I mentioned that I’d love to know if this is legal, but I only got one reply on Twitter, so if any lawyers have thoughts about this, hit reply to this email and let me know. Is this legal? Other folks want to know too. (If you’d like to be quoted in a future email, let me know that as well.) Substack recently started a direct message feature, but email (see my contact page) is still the best way to reach me.

Television – Hulu Has Their Biggest Debut Hit Since 2021

As I’ve mentioned once or twice before, Hulu can be a bit particular about what they call an original. Folks at Hulu have told me that even if they release a press release about a show calling it “Hulu Original”, brand it as an “Hulu Original” on their website, and even categorize it as an “Hulu Original” on their website, it may not, in fact, be an original! Confusing!

Ready to be even more confused? Shōgun is a Hulu Original (go to this simple hub on Hulu.) branded as “FX”, as they did with The Bear (Hulu has quietly retired the “FX on Hulu” branding…), but this show is also airing on FX! (To be clear, that’s a dual-cast strategy that I like.)

Regardless, it’s a streaming Original, so that means we get streaming ratings data for this show, and we get to analyze it.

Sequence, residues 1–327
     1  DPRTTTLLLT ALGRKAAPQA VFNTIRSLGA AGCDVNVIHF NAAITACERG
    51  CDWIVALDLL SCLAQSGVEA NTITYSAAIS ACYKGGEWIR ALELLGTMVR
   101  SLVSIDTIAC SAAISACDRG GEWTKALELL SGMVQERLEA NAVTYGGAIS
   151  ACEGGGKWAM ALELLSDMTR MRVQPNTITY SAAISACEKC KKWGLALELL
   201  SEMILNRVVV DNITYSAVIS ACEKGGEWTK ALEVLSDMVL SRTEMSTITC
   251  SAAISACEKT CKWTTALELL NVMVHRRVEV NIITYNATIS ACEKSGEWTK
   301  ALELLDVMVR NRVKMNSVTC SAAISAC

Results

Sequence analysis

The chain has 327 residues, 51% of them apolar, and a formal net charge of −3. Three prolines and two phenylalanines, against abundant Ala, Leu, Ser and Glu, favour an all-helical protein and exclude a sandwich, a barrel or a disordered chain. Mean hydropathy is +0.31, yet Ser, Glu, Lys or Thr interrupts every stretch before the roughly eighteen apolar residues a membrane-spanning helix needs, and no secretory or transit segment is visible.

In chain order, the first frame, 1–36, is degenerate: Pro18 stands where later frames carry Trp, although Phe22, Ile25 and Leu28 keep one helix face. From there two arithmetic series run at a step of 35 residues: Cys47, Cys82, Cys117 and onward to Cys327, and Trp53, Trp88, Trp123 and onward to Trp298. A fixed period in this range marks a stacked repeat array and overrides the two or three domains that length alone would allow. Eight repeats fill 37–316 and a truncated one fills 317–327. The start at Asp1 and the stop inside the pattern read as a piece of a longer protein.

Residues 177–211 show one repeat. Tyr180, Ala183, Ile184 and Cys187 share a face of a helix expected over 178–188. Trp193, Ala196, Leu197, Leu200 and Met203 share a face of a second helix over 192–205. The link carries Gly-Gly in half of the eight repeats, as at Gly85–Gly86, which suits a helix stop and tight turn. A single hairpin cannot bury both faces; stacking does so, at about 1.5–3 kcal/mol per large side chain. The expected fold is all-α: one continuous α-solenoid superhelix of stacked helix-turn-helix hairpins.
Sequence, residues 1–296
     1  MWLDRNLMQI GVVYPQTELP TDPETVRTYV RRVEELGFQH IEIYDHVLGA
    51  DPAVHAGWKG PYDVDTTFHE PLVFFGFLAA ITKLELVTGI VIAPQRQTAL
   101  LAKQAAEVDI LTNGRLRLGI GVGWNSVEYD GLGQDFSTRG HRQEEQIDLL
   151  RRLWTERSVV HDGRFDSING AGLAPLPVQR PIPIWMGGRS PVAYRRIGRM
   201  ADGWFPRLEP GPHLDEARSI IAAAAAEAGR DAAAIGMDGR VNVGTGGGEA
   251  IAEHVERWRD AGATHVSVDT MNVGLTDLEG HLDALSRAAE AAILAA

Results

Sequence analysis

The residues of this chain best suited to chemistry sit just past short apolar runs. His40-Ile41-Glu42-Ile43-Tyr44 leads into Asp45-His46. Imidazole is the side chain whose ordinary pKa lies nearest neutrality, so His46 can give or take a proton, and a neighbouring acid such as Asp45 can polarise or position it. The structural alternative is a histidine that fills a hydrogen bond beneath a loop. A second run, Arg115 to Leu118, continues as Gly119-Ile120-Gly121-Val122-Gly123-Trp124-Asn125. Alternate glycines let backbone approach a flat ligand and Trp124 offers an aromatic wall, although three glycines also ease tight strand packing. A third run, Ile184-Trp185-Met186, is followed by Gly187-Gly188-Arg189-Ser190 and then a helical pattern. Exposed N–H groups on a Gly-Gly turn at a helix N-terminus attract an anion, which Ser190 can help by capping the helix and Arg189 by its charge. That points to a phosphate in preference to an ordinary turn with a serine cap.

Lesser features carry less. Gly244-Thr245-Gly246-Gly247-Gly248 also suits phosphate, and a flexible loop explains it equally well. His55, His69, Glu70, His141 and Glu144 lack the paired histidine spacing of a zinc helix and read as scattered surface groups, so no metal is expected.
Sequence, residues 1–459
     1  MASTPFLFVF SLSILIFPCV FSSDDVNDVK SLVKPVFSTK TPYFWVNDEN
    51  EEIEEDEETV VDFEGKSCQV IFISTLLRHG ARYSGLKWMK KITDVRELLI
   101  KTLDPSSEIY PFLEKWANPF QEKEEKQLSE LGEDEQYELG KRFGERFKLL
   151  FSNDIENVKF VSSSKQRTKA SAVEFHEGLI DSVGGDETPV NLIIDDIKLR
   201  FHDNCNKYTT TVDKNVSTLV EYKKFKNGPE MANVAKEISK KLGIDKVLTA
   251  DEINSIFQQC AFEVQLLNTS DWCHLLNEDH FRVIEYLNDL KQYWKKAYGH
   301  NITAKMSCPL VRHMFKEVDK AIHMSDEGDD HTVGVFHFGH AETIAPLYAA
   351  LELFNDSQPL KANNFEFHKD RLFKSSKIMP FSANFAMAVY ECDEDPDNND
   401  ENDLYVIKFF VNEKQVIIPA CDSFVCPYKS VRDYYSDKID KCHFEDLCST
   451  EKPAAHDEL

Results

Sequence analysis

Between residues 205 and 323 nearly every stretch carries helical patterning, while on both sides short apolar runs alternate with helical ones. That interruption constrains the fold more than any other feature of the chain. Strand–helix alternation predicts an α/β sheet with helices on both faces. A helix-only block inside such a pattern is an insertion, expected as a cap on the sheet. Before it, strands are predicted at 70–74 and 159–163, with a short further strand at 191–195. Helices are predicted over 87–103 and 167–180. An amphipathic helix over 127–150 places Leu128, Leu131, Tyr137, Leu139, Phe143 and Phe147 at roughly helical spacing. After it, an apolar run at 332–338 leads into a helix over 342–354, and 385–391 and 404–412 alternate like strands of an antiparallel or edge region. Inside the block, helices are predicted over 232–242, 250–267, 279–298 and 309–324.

Anyways, FX/Hulu/Disney clearly marketed the hell out of Shōgun. (I saw billboards and ads for it everywhere.) And the good news? It looks like it worked. With only two episodes, it made the Nielsen top ten charts. It’s IMDb score looks elite too, a 9.1 on 49K reviews.

Is it a hit show then? Well, it didn’t best Hulu’s previous biggest hit, Candy, which released every episode over the course of a week to drive Emmy interest, but it is Hulu’s best weekly launch ever. (I wish I could poll my audience to see how many folks remember Candy and/or the lead star…) That said, Only Murders in the Building had half-hour episodes, so call it a push. Here’s all of Hulu’s debut shows on Nielsen to date:

At worst, it’s a “hit for Hulu” and Hulu still needed one of those. The Samba TV numbers are even better. They noted that 1.8 million households watched Shōgun just on streaming. (I clarified with Samba TV if they included linear viewing, and they did not, so this means even more households watched on linear too.) Here’s a chart comparing Shōgun to other Hulu Originals:

And it looks like the interest will hold, as Shōgun topped the Samba TV charts this week, and the week of 4-March.

As I always caution with weekly shows, let’s wait to make a final judgement call until we see how this series performs in the long term. If it falls off in two weeks, that’s a sign that the marketing worked but the show didn’t hold interest. If it holds on for multiple weeks (like some weekly originals I’ll cover below), it’s a hit.

Even then, this doesn’t quite offset the bad year Hulu had in 2023. Hulu doesn’t need to launch a hit every other year; it needs to launch multiple hits every year.

Quick Notes on TV

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The Entertainment Strategy Guy

The Entertainment Strategy Guy

Former strategy and business development guy at a major streaming company. But I like writing more than sending email, so I launched this website to share what I know.